Despite being dedicated to fund transportation projects, revenues from gas taxes and tolls pay for only about half of state and local spending on roads, according to the nonpartisan Tax Foundation. Alaska and South Dakota come last in transportation funding derived from gas taxes and tolls—10.5 percent and 21.5 percent, respectively—while Delaware and Hawaii rank the highest—78.6 percent and 77.3 percent, respectively.

State and local governments spent $153.0 billion on highway, road, and street expenses, but raised only $77.1 billion in user fees and user taxes ($12.7 billion in tolls and user fees, $41.2 billion in fuel taxes, and $23.2 billion in vehicle license taxes). The rest was funded by $30 billion in general state and local revenues and $46 billion in federal aid.

“The lion’s share of transportation funding should be coming from user taxes and fees, such as tolls, gasoline taxes, and other user-related charges,” said Tax Foundation Tax Foundation Vice President of State Projects Joseph Henchman. “When road funding comes from a mix of tolls and gasoline taxes, the people that use the roads bear a sizeable portion of the cost. By contrast, funding transportation out of general revenue makes roads “free,” and consequently, overused or congested—often the precise problem transportation spending programs are meant to solve.”

The story is much the same even when adding other transportation options to the mix. In 2011, state and local governments spent $58.7 billion on mass transit, $22.7 billion on air transportation facilities, $1.6 billion on parking facilities, and $5.2 billion in ports and water transportation, in turn raising $13.2 billion in mass transit fares, $18.8 billion in air transportation fees, $2.2 billion in parking fees and fines, and $4.2 billion in water transportation taxes and fees. Altogether, states raised about 48 percent of their transportation spending from user taxes, fees, and other charges.

Expanding tolls and indexing gasoline taxes for inflation may not be politically popular even though transportation facilities and services are highly popular. Given that transportation spending exists, states should aim to fund as much of it as possible from user fees and user taxes. Subsidizing road spending from general revenues creates pressure to increase income or sales taxes, which can be unfair to non-users and undermine economic growth for the state as a whole.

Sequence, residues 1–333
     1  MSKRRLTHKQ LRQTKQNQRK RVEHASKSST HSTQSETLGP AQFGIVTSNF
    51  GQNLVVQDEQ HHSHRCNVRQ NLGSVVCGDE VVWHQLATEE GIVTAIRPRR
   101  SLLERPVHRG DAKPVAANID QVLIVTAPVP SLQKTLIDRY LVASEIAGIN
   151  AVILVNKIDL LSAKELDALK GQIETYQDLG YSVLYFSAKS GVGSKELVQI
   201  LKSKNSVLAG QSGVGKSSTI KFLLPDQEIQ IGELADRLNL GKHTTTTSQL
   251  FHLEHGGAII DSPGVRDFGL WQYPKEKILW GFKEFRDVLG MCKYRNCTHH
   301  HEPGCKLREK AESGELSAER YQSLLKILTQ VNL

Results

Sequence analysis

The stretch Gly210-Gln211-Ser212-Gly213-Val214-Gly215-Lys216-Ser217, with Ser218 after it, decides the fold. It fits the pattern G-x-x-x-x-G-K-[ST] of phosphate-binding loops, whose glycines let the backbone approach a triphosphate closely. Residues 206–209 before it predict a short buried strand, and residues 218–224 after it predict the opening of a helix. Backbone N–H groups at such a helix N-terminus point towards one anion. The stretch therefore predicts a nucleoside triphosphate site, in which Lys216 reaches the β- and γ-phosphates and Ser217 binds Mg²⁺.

Chamber’s Top Legislative Priorities in 2014

Eliminating business personal property tax, allowing employers to screen prospective hires for tobacco use and establishing a work share program are among the top legislative priorities for the Indiana Chamber of Commerce in 2014.

“In many categories of commercial and industrial property tax, Indiana is among the very highest states in the country. That’s largely due to our taxing of machinery and equipment. It’s a remaining black mark on our tax climate – an area where we simply can’t compete,” declares Indiana Chamber President and CEO Kevin Brinegar.

“All of our surrounding states have done away with the tax except for Kentucky, which taxes personal property at a lower rate than Indiana. It’s past time to remove this burden that can greatly hinder business expansion and innovation.”

On the health care front, the Indiana Chamber is seeking to repeal what is termed the smokers’ bill of rights for prospective employees.

“This is an intrusion into the rights of employers in making hiring decisions. Holding smoking up to the same standards as we hold discrimination based upon race, gender, religion and ethnicity seems arbitrary and without justification,” Brinegar offers.

“There are other behaviors (such as substance abuse and having a criminal record) which are also personal choice and over which employers do have discretion in hiring decisions; this reinforces that the state’s protection for smokers is unnecessary and not well founded.”